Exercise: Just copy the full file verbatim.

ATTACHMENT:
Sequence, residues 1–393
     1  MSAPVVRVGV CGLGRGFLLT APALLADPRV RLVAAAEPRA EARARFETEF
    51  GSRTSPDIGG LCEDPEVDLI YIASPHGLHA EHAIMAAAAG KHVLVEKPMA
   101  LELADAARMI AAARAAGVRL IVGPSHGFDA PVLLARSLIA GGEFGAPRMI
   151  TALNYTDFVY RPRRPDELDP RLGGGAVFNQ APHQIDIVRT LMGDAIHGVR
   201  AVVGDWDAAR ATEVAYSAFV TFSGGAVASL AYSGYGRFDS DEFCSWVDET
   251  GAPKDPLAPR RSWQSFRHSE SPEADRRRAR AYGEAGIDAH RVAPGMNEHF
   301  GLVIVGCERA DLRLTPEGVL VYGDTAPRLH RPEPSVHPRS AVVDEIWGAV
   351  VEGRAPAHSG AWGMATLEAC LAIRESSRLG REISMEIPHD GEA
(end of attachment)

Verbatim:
Sequence, residues 1–393
     1  MSAPVVRVGV CGLGRGFLLT APALLADPRV RLVAAAEPRA EARARFETEF
    51  GSRTSPDIGG LCEDPEVDLI YIASPHGLHA EHAIMAAAAG KHVLVEKPMA
   101  LELADAARMI AAARAAGVRL IVGPSHGFDA PVLLARSLIA GGEFGAPRMI
   151  TALNYTDFVY RPRRPDELDP RLGGGAVFNQ APHQIDIVRT LMGDAIHGVR
   201  AVVGDWDAAR ATEVAYSAFV TFSGGAVASL AYSGYGRFDS DEFCSWVDET
   251  GAPKDPLAPR RSWQSFRHSE SPEADRRRAR AYGEAGIDAH RVAPGMNEHF
   301  GLVIVGCERA DLRLTPEGVL VYGDTAPRLH RPEPSVHPRS AVVDEIWGAV
   351  VEGRAPAHSG AWGMATLEAC LAIRESSRLG REISMEIPHD GEA